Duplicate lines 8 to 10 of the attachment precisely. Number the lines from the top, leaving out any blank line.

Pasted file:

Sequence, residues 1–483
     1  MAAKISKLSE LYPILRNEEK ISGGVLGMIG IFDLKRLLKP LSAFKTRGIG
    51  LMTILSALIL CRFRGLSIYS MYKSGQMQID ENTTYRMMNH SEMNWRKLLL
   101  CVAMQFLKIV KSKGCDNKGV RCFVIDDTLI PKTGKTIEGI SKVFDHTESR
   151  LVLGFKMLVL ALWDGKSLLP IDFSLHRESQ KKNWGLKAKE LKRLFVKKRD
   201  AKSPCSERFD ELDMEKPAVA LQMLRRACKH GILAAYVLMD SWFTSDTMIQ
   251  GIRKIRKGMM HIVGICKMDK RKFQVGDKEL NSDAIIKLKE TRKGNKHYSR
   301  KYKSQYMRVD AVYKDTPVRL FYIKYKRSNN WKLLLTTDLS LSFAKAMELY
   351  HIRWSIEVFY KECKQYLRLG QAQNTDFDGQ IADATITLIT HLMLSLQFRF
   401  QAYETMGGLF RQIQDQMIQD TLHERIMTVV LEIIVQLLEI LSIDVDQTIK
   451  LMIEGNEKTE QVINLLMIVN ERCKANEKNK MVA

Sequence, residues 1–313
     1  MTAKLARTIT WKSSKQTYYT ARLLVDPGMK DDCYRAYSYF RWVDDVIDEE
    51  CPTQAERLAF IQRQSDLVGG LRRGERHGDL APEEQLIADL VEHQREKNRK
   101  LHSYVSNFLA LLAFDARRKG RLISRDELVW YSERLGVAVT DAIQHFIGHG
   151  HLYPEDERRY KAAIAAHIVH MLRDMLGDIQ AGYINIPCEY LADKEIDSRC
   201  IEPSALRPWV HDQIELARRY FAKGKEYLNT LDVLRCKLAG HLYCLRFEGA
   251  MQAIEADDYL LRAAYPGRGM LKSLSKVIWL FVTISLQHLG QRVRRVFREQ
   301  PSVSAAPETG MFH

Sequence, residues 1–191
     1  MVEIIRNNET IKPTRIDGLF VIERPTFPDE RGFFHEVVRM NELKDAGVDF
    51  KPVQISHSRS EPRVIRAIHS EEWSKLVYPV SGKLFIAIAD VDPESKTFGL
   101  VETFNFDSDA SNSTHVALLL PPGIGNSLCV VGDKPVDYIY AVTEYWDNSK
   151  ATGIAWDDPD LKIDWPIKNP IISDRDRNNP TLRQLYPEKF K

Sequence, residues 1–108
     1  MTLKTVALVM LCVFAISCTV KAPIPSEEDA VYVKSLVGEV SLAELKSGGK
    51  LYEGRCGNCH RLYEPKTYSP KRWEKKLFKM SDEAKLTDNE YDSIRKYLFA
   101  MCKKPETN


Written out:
   301  KYKSQYMRVD AVYKDTPVRL FYIKYKRSNN WKLLLTTDLS LSFAKAMELY
   351  HIRWSIEVFY KECKQYLRLG QAQNTDFDGQ IADATITLIT HLMLSLQFRF
   401  QAYETMGGLF RQIQDQMIQD TLHERIMTVV LEIIVQLLEI LSIDVDQTIK